Today on GameSpot, these two headlines were pretty much put next to one another on their news feed:
Truck Driver Playing Pokemon Go Kills Young Boy in Japan
Nintendo's Trying to Make Super Mario Run as Popular as Pokemon Go
As bothered as I am by GameSpot authors Chris Pereira and Mat Paget not putting the accent in Pokémon, I figured this article pretty much writes itself, and I could use something that writes itself as I have to publish something late Friday night.
In an interview with Bloomberg, Nintendo president Tatsumi Kimishima (finally, after a year, I can remember how to spell his name without looking) said that Shigeru Miyamoto's team is working hard to make Super Mario Run as popular as Pokémon GO is. To my delight, Pokémon GO is rapidly declining in popularity, but it's still the most downloaded game of the time period, and the fastest revenue-generating mobile game in history. I suppose that's a desirable goal for Super Mario Run if you're Nintendo.
Popularity comes at a cost, however... including the cost of human life.
A 36-year old truck driver in Japan, Nobusuke Kawai, hit and killed a 9-year old boy named Keita Noritake. The cause of death was Kawai not paying attention because he was playing Pokémon GO. Nobusuke Kawai violated Pokémon GO safety tip #1. The very first one! It's, like, the First Amendment of safety tips!
|Either the player is on the wrong side of the road,|
or he's so distracted he's not going to swerve from the truck being on the wrong side.
Unfortunately, Pokémon master Herman Cain's warning was to Pokémon GO players, not elementary school kids trying to cross the street who were doing the right thing and not playing Pokémon GO. This incident will renew the worldwide push for truck control, after the terrorist attack committed by a truck-wielding Muslim in Nice, France.
Just like Shigeru Miyamoto encouraged eating disorders with Wii Fit, he is going to be encouraging vehicular manslaughter with Super Mario Run. He may be eating hamburgers to promote the one-handedness of Super Mario Run, but since he and Nintendo are choosing THAT PARTICULAR POINT to base a whole marketing campaign, surely they realise that many people drive with only one hand, correct?
In fact, Miyamoto must know that, because he's been driving to work for the past six years after Nintendo forced him off of the dreaded bicycle. Consider these two points:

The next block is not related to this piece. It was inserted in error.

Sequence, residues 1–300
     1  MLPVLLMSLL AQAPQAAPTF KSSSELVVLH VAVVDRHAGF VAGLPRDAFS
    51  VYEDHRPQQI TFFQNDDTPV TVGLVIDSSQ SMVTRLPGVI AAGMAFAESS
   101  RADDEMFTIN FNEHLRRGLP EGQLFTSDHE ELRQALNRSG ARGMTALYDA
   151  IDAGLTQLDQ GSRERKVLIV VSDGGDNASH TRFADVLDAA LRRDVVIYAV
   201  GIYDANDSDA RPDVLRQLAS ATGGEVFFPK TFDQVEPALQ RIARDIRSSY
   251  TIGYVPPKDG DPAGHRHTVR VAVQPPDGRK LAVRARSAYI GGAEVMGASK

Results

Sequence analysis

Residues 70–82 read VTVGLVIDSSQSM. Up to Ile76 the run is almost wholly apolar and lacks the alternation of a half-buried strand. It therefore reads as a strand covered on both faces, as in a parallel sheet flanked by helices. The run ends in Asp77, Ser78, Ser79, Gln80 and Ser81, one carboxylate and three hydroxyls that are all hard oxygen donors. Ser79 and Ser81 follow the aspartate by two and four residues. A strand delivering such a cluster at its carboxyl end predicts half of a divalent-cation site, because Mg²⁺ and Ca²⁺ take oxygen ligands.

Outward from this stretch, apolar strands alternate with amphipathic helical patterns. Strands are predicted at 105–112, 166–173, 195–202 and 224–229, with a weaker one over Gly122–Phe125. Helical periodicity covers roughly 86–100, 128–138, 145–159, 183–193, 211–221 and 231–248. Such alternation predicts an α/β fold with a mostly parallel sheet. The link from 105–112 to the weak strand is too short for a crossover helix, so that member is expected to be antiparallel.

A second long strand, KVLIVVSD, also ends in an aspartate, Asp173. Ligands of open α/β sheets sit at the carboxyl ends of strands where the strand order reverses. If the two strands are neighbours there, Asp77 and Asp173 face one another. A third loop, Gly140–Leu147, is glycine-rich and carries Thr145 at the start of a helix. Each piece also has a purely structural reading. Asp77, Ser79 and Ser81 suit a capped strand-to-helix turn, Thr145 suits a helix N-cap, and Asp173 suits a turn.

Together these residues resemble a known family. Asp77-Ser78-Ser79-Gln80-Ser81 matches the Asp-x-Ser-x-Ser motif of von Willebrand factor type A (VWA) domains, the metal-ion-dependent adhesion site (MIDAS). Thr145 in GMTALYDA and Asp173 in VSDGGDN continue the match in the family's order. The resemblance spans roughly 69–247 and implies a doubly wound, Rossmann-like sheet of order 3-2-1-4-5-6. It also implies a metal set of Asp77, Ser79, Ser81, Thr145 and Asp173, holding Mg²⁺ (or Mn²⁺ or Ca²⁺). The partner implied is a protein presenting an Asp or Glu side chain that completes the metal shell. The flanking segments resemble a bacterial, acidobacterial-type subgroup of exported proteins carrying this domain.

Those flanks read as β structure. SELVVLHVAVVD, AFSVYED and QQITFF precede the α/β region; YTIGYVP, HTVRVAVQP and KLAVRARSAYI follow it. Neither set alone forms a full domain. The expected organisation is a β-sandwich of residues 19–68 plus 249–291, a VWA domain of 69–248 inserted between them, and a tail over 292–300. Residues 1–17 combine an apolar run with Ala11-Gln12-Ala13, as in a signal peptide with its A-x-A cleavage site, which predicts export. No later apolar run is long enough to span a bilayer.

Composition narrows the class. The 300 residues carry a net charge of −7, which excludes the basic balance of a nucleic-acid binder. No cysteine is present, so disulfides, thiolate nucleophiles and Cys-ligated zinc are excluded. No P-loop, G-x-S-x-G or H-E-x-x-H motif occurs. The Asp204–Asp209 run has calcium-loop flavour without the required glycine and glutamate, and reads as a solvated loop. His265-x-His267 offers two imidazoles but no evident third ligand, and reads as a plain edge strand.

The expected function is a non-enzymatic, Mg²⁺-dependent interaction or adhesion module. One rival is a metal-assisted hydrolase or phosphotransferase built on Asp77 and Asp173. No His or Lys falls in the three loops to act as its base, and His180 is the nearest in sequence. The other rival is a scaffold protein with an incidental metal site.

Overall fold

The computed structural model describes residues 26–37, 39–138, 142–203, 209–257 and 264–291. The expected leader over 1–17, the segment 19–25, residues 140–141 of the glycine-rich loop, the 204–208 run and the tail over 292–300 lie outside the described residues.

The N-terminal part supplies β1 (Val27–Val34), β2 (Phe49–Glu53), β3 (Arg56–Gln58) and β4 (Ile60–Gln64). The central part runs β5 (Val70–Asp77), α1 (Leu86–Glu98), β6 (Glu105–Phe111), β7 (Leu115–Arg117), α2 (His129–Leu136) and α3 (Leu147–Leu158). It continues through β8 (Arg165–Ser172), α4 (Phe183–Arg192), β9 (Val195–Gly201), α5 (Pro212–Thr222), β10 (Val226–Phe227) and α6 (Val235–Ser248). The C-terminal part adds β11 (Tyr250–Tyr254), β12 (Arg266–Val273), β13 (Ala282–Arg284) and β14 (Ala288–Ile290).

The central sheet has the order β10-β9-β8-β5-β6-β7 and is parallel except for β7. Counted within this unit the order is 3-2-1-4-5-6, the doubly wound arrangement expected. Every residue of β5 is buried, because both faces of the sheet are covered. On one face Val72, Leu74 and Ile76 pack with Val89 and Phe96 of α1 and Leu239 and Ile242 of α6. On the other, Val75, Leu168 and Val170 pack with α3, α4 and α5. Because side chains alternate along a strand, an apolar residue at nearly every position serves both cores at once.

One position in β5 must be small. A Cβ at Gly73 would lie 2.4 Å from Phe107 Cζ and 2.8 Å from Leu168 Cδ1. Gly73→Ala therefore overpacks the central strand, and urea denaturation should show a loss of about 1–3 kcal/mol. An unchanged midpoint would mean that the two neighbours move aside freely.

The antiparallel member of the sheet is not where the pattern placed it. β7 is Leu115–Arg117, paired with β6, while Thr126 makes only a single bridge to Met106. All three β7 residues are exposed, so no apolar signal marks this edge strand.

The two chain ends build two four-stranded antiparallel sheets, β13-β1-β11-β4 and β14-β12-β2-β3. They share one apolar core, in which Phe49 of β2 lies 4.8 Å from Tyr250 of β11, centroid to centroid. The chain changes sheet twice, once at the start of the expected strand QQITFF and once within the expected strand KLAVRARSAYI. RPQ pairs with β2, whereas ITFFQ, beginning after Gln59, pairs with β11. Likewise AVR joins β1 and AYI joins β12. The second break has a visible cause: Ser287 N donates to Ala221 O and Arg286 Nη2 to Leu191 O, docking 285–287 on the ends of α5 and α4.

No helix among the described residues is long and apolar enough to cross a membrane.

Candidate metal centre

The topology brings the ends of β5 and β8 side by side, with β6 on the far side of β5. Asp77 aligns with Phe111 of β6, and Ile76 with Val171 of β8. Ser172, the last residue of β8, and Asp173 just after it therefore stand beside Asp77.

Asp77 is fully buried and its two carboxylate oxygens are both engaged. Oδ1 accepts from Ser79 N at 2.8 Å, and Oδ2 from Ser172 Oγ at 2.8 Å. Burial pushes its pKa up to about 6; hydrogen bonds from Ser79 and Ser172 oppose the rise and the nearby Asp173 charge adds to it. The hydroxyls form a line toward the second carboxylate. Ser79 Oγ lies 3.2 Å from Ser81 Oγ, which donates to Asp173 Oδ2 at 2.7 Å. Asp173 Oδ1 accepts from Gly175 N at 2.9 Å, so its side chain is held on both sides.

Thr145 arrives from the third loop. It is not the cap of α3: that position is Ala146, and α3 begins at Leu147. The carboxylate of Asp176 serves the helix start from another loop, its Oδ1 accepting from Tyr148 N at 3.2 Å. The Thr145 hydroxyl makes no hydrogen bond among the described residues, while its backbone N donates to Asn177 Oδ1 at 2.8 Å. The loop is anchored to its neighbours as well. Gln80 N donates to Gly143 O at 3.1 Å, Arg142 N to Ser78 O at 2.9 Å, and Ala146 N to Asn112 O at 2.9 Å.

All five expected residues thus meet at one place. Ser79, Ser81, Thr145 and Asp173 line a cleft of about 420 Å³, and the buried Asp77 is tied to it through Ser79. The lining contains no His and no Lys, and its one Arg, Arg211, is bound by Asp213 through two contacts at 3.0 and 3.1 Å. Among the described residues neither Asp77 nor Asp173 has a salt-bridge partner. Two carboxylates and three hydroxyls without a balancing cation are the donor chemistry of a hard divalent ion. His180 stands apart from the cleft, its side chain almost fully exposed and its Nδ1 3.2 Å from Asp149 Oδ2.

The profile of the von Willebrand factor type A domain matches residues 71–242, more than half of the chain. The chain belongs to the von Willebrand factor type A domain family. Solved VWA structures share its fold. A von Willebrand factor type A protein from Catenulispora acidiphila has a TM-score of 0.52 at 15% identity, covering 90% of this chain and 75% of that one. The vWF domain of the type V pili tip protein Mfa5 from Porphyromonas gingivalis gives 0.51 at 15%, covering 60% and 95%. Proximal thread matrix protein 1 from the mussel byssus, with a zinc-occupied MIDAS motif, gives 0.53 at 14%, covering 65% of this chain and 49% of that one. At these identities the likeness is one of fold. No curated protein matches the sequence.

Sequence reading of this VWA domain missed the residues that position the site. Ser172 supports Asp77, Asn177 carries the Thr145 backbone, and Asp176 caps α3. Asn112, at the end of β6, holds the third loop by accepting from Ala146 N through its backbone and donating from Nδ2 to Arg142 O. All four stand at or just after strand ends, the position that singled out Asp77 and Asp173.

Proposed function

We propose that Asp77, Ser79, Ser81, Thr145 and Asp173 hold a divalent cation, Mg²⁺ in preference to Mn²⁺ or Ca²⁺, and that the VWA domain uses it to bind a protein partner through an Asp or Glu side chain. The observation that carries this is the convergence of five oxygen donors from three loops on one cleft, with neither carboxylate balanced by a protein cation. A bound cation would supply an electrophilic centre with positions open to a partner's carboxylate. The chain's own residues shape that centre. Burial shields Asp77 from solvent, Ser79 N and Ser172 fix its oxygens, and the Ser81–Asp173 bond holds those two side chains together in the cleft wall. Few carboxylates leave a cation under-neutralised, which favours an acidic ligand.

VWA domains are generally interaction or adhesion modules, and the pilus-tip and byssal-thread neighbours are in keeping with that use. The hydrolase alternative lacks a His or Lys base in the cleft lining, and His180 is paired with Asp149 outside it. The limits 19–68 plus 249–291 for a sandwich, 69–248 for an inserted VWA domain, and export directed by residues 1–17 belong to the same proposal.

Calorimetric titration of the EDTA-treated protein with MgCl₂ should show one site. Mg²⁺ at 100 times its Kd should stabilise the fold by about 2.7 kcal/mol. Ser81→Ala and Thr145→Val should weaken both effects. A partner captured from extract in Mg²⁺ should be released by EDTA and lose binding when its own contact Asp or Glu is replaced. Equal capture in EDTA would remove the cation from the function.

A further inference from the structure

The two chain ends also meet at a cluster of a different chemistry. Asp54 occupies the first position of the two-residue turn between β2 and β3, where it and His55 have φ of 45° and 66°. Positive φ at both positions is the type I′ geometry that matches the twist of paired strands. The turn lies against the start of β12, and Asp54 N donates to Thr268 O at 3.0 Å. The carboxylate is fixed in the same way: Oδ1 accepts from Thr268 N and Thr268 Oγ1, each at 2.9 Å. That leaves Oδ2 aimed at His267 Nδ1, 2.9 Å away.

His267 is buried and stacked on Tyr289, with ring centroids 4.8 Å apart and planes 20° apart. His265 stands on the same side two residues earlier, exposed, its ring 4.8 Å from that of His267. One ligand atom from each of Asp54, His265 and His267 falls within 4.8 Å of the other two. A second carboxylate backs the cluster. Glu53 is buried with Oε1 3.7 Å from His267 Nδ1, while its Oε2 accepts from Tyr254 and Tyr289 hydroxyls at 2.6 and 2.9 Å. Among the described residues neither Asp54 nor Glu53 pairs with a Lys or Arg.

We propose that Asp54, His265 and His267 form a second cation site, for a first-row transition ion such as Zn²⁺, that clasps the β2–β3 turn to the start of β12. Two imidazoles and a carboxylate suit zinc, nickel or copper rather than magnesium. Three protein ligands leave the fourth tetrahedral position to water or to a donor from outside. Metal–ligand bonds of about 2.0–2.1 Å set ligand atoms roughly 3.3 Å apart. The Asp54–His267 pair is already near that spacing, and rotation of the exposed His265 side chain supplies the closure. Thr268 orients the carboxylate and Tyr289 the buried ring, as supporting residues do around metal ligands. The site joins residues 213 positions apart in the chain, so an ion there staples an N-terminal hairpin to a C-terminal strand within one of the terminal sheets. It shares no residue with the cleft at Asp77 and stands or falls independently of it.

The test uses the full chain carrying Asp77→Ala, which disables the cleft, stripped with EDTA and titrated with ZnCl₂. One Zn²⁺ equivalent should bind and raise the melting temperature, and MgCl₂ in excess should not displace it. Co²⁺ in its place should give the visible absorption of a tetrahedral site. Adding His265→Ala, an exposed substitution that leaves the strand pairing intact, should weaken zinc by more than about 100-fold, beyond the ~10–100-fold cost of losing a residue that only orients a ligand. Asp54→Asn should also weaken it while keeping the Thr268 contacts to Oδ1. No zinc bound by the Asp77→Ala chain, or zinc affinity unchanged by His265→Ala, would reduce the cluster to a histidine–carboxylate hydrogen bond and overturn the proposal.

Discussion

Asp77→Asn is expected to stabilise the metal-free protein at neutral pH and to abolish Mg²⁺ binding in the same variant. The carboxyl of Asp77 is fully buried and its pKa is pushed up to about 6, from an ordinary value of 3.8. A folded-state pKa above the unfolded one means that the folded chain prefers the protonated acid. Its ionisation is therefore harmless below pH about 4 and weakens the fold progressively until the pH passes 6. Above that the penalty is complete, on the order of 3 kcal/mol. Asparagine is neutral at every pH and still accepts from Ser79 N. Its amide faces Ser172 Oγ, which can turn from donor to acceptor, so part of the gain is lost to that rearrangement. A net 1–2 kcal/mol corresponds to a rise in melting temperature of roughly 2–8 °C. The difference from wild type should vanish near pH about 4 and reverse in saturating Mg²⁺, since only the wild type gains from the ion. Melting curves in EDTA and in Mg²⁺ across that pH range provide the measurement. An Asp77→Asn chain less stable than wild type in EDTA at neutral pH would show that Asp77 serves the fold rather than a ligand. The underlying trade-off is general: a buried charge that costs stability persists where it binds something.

- The traffic of getting to and from work is some of the biggest “dead time” in a person's day. It's pretty much wasted time, so people have an inclination to try to salvage it.
- Shigeru Miyamoto loves to base games off of his personal interests.
|I'll leave you to speculate what in Shigeru Miyamoto's personal interests includes this.|
(Miiverse image credit: slipknot168.)
The problem is that such distracted driving creates deaths. If you take the popularity of Pokémon GO, which is already causing such an incredible danger to society, and combine it with a game that is actually designed to be used while driving (which Super Mario Run is, according to its one-hand-focused marketing), you're going to end up with a complete and total disaster. Ultimately, Nintendo will be killing off its own customers, and they'll be about as bad as the tobacco industry.
Everyone better buy the Nintendo Switch and make sure they're really profitable from that, so Nintendo can stop endangering the public with their mobile endeavours!
Ludwig doesn't own a smartphone, so feel free to correct many of the assumptions he's made while writing this article. He listens to country radio while driving, has both hands on the steering wheel, and drives at or under the speed limit.
Unfortunately, a gun wouldn't be able to save Keita Noritake... and he's only 9, so he shouldn't really have one anyway.
Despite how this article sounds, Ludwig still doesn't want Pokémon GO banned, equating that solution with Iran and Hillary Clinton.
Nintendo is STILL insisting on the one-handed-ness being the most important part of Super Mario Run as doomsday (its release date) is announced.